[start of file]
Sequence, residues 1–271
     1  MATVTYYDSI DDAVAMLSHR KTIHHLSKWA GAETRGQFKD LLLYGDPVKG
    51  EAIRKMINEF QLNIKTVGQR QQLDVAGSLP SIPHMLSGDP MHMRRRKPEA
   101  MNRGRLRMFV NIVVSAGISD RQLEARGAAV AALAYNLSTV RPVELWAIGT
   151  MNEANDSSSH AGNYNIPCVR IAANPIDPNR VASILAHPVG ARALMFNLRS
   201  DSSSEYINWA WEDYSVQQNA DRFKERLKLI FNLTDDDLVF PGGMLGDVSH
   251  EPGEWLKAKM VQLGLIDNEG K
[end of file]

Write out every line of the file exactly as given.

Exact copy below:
Sequence, residues 1–271
     1  MATVTYYDSI DDAVAMLSHR KTIHHLSKWA GAETRGQFKD LLLYGDPVKG
    51  EAIRKMINEF QLNIKTVGQR QQLDVAGSLP SIPHMLSGDP MHMRRRKPEA
   101  MNRGRLRMFV NIVVSAGISD RQLEARGAAV AALAYNLSTV RPVELWAIGT
   151  MNEANDSSSH AGNYNIPCVR IAANPIDPNR VASILAHPVG ARALMFNLRS
   201  DSSSEYINWA WEDYSVQQNA DRFKERLKLI FNLTDDDLVF PGGMLGDVSH
   251  EPGEWLKAKM VQLGLIDNEG K